That isn’t to say, of course, that a conclusion is can’t be wrong. Sometimes, an object is modified over time, containing original materials that can be dated back to one era, and modifications in the style of a much later one. Forward five- or six-hundred years, and the form and functionality of the original object can be frustrating to uncouple from that of the modification, depending on how the adjustment was made. This kind of change, too, is an artifact, but in the other sense of the word: not only an object of human design, but also an artificial remnant of processing and handling.

Pottery.

Stoneware bowl

Art of the Americas Gallery, Museum of Fine Arts, Boston, MA

The concept of understanding the intentions of a human object to interpret something about a way of life is applicable not just to our study of ancient societies, but to building our understanding of the contemporary communities surrounding us as well. As a single person on an earth populated by billions, spread across immense geographical distances, we are most familiar with people we directly interact with: our family, the citizens of our town or city, those who share our lifestyles and customs. Contemplating the eating habits or daily rituals of those from another country, occupation, or lifestyle can be perplexing and unsettling, in part because we may not understand the context, wherefore, or significance of an activity. It can be tempting to dismiss such actions and individuals as “not normal” or to categorize them in the nebulous concept of “other” or “exotic” to fit them into our own worldviews, but in doing so, we have also ignored the fact that theirs is a way of life. As we project our expectations of what other people should be like, we warp the reality of who they really are.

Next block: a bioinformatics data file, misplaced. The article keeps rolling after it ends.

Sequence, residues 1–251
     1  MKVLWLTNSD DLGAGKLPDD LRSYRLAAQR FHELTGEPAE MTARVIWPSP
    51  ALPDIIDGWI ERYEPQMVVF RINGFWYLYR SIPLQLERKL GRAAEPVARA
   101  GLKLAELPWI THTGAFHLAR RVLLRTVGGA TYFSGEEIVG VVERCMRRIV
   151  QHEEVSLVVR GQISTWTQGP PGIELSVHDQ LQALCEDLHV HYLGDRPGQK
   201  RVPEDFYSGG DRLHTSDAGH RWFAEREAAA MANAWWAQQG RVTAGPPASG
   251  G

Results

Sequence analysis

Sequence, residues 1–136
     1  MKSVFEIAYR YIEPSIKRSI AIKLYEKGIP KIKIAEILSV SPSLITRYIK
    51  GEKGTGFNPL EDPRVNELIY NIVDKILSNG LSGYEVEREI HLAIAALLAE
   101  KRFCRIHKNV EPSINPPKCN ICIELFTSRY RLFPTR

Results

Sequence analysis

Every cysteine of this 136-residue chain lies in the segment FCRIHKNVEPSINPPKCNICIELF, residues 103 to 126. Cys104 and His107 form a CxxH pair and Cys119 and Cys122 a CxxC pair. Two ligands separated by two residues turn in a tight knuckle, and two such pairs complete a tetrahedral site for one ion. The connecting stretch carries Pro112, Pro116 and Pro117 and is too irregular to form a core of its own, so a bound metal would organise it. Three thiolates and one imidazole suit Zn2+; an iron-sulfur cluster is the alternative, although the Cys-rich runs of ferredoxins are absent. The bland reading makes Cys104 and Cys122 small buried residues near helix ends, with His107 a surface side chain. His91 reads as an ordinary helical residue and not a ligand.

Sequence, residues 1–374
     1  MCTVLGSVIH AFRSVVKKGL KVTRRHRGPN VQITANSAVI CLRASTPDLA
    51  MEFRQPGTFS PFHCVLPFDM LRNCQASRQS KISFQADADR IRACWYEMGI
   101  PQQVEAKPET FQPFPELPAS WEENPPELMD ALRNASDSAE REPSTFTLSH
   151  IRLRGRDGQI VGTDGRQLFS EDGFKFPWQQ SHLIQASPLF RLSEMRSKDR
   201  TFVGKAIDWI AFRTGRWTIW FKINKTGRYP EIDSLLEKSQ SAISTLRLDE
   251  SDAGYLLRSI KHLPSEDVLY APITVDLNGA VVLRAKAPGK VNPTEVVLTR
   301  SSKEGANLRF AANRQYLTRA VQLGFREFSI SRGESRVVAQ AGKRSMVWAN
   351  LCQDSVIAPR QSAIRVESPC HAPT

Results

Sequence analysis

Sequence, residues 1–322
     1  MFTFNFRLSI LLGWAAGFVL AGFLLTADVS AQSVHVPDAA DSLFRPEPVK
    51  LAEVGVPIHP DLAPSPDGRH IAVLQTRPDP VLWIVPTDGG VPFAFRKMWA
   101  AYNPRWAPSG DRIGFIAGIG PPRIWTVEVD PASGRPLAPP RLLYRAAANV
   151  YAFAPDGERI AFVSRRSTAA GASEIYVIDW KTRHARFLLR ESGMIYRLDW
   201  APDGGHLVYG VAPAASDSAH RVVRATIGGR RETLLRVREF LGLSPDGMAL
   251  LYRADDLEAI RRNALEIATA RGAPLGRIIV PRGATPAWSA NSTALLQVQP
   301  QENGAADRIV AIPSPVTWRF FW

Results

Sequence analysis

So how do we avoid such blunt and sometimes harmful designations? Begin by taking a closer look, rather than painting generalizations. Investigate the context. Do not simply observe, but think and interpret. Look to see if there are exceptions that invalidate your assumptions, then take the time to reformulate your thoughts. Can we learn why someone did what they did? Can we determine how their surroundings shaped their decisions? Even understanding something as simple as the ritual of removing one’s shoes before stepping indoors can remind us that the person standing before us is human, too.